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Innovators- Building a Greener World

TIME after a global search for Innovators building a greener world has selected the Good Earth Team as one among four innovators globally and has featured us in the TIME magazine US edition.

Bangalore may be India's high-tech heart, but in one part of its leafy suburbs, there's a group of environmentalists trying to get back to the garden. In 2003, husband-and-wife architects Jeeth and Natasha Iype, working with Stanley George, a civil engineer, designed the Good Earth Orchard homes. Each of the 60 projected houses, now in various stages of construction, will feature slate and wood left in a natural state, without toxic waxes and finishes. Sewage will be treated in tanks that process waste without harmful chemicals. Household water will be heated by solar panels, which is expected to reduce electricity use--and electricity bills--30%. And whenever possible, local building materials are used, which reduces the need for gas-guzzling trucks to transport things from far away.

But the subtlest eco-friendly feature may be the verandas that open from each house onto a large, grassy courtyard shared by the entire community. The hope is that the shared space will encourage shared environmental awareness. "Building green homes is easy," says Jeeth. "Building green communities is incredibly difficult. You have to convince a group of individuals to buy into the same ideologies."

Most Indians still live with several generations in a single home. But as the country grows richer, a burgeoning middle class is moving into Western-style single-family homes, which use more energy and resources per family. The Good Earth team is trying to provide India's élite with green homes that meet their rising standards but provide space that is still in some ways shared. "Communities make sense in India, given our history of joint-family living," says Natasha. "We are simply trying to re-create what we had."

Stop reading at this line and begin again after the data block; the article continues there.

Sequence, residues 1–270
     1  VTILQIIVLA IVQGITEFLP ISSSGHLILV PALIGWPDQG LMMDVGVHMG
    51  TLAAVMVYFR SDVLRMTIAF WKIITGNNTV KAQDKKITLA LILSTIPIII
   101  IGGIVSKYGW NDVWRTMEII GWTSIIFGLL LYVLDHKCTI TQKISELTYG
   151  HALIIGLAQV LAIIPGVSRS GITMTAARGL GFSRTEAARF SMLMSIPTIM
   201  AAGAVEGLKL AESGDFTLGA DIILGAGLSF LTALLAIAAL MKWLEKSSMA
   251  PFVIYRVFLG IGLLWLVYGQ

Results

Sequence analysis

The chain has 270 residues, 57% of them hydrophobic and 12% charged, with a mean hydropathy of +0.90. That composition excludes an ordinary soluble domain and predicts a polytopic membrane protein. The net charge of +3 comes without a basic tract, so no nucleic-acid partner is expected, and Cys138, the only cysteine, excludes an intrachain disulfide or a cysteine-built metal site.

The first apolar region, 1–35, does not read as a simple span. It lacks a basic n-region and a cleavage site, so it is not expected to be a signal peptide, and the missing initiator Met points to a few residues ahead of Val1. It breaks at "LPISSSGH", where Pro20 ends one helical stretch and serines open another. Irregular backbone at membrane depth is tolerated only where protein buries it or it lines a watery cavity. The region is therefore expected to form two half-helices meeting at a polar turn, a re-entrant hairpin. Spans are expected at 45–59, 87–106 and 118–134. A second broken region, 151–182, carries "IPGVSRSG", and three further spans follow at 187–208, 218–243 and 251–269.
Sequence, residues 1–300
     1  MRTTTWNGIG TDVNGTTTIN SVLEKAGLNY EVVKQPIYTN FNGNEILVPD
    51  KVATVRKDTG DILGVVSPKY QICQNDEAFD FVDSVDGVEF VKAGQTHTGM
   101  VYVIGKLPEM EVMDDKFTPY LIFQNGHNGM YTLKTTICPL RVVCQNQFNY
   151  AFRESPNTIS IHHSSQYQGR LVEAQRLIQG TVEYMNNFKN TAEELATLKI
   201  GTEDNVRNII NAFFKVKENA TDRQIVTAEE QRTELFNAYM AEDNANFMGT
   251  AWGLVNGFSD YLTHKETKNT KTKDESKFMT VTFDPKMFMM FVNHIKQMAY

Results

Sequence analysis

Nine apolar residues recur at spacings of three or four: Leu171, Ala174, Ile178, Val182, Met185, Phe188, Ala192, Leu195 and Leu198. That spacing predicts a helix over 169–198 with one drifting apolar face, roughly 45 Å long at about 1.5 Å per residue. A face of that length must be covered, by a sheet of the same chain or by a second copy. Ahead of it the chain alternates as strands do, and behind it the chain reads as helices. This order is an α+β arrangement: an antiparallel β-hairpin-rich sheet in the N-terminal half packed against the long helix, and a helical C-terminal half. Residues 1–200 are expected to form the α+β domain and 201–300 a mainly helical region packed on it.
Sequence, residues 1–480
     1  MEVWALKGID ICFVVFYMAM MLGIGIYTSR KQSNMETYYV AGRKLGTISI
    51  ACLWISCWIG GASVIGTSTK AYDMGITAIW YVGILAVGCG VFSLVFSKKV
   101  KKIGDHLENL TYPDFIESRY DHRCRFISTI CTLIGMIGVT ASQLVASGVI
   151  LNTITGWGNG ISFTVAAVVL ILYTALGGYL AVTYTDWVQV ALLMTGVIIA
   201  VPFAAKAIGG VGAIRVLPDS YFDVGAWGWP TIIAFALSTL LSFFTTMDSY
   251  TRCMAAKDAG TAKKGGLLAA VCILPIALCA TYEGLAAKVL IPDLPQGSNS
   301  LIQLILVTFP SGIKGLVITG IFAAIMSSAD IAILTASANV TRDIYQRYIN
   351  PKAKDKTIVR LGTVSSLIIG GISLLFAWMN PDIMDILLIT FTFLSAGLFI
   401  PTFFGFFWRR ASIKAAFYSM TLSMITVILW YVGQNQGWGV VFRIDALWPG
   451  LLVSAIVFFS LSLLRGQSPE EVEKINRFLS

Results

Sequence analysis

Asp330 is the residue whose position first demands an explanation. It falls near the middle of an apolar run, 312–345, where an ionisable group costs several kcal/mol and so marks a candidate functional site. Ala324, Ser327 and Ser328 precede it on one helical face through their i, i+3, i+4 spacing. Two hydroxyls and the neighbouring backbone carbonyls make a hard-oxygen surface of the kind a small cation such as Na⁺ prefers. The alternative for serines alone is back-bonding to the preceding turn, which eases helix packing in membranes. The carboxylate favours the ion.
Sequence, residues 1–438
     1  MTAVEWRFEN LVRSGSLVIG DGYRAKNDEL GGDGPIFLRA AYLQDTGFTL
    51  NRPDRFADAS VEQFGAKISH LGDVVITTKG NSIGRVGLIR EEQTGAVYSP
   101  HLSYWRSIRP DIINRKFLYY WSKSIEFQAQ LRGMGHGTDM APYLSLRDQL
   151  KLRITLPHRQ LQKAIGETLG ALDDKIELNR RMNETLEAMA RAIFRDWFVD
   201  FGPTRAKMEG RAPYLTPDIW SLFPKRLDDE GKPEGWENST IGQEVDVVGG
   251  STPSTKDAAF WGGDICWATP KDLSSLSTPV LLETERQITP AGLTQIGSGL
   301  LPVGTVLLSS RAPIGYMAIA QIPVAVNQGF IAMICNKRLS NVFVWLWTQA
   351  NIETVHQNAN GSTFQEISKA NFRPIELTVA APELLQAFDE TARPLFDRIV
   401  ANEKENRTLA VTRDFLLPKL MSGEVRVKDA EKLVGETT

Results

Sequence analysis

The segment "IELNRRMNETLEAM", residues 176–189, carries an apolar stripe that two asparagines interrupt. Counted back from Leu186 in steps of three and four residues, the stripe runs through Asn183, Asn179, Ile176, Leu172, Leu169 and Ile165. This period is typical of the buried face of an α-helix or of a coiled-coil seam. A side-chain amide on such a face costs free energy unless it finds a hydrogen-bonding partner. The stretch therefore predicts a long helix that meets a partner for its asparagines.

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Putting life back into the earth

At a time when construction is all about the right location and prime time amenities, the few good soldiers who cling on to doing the right green thing, are spoken and written about. R S Ranjeetha Urs elaborates on what one of them Good Earth Orchard is all about.

With the land resource becoming scarce by the day, its price has skyrocketed, leading to a widespread spurt in the growth of urban sprawl. Consequently, there is great stress on the city centres contributing to high density housing. However, by initiating development along the periphery and by creating integrated townships, the problem of thick concentration in city centres can be reduced to a greater extent. Moreover, as the city grows, our senses are abused by noise, dust, concrete, air-conditioned environments, etc. The need for spaces which are green and where the air is relatively fresh and offers sensual relief, becomes an imperative with many and especially with those who are keen on setting up a home. ‘Good Earth Orchard’ is one such discovery in this direction. Good Earth is a team of like-minded professionals in varying capacities, who have been experimenting with alternatives in housing and in creating vibrant, eco-sustainable communities, according to Jeeth Iype, an architect at Good Earth.

 As one turns left from the Bangalore-Mysore Road, (just after Kengeri town and the Outer Ring Road intersection), and walks a kilometre inside, one can find Good Earth Orchard on a farm landscape of coconut and sapota plantation.

 Orchard is a community of 60 homes on seven acres of land. Twenty-nine houses in the project have almost been completed and will be open for occupation on July 2008.  “Communities who live on the outskirts should be conscious of using and managing their own resources. We at Orchard, manage our own water resources and sewage, through a centralised water supply system and eco-friendly sewage treatment plant. Also, as the name of the project indicates, every household will be encouraged to plant more trees and grow their own food, in their kitchen garden. Moreover, with broadband internet connection to every household, the provision of working from home is made viable. One can thereby, travel only when needed and avoid unnecessary travelling, observes Iype.
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